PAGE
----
Why do we need to use both macrosociology and microsociology in any complete study of society?
It is important to use both microsociology and macrosociology when studying society because we need to understand both the broader trends of society, and the ways in which individuals interact with one another. If we only use one or the other, we do not get a full picture of what a society is like.
Macrosociology is the part of sociology that looks at large segments of a population. For example, macrosociology might look at statistics to see whether growing up in poverty is likely to lead kids to have a lower level of education. This type of inquiry looks at all poor children, which is a relatively large segment of the population as a whole.
Microsociology looks at small segments of a population. To continue with our example from the last paragraph, microsociologists might study a few families who lived in poverty. They would look carefully at those families to see how they interacted with their school-age children and to see what those kids’ lives were like. They would try to understand how the families’ poverty affected the kids’ ability to get an education. By looking at only a few families, they would be looking at a very small segment of the population.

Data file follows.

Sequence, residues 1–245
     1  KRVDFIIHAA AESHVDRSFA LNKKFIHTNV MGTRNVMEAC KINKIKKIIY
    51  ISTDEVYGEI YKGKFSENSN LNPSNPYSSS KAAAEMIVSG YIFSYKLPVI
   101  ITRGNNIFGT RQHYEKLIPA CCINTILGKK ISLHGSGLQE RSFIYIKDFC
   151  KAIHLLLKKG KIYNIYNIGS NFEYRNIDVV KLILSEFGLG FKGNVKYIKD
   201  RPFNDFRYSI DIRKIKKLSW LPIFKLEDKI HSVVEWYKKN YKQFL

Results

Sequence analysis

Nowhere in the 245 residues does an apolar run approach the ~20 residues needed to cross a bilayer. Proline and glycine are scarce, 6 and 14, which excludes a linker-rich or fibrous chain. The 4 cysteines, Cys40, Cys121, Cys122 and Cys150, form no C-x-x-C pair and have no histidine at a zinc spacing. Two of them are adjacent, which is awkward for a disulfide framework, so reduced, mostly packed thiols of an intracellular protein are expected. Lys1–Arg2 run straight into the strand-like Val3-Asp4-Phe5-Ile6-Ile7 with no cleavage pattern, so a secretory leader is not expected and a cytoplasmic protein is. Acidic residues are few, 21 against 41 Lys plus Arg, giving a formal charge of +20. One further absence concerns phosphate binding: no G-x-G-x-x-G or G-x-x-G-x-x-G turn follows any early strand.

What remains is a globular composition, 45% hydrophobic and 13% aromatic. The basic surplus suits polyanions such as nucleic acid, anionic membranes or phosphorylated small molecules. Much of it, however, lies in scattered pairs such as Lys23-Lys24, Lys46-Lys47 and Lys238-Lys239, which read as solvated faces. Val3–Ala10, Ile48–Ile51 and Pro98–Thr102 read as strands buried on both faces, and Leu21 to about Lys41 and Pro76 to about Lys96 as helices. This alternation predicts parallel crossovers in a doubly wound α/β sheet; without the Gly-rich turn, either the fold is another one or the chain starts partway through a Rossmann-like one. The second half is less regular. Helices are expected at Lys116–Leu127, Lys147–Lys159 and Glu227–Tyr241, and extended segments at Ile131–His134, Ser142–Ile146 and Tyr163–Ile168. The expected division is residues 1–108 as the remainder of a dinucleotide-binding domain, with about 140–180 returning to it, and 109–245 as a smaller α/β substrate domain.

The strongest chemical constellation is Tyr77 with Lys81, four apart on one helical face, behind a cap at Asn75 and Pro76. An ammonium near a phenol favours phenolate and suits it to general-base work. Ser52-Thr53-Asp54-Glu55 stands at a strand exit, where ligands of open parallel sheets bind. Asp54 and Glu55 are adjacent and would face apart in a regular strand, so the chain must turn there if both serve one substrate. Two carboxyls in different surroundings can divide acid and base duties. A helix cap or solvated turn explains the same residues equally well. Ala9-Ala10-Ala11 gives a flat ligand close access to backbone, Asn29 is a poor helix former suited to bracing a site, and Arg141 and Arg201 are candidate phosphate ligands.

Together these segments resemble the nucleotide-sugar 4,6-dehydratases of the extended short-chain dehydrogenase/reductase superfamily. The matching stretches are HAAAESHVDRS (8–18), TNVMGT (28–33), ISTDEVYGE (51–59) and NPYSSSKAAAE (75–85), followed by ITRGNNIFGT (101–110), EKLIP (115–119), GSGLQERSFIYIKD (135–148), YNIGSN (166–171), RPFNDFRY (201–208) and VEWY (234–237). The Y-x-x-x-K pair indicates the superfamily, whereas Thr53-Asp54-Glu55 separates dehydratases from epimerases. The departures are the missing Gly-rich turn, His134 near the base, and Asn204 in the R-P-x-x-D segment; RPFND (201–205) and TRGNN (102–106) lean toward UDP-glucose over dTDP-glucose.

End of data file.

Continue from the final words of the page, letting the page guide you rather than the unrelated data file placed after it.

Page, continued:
Both of these approaches are necessary because without them we cannot truly understand sociological phenomena. For example, imagine that we studied the link between poverty and education only by looking at a few families. We would understand those families well, but we would not know if their kids’ educational experiences were typical of poor kids as a group. In order to know about the experience of the majority of poor kids, we need to do research that looks at a very large number of them. That way, we can draw conclusions about them as a group.
Now imagine that we only used macrosociology. If we only look at poverty statistics and test scores, we might know that poor kids get lower scores, but we will not know why that happens. By looking closely at a few families, we can get a better understanding of how poverty is connected to poor educational levels. Do the parents not spend time reading to the kids? Do they not help the kids with their homework? Are the teachers in the kids’ schools uninterested or not well-prepared? These are things that we cannot determine by only using macrosociology. We have to do lower-level, microsociological research to understand these things.
Thus, it is important to use both microsociology and macrosociology because we have to understand the broad trends in society and the small-scale behaviors and attitudes that create those trends.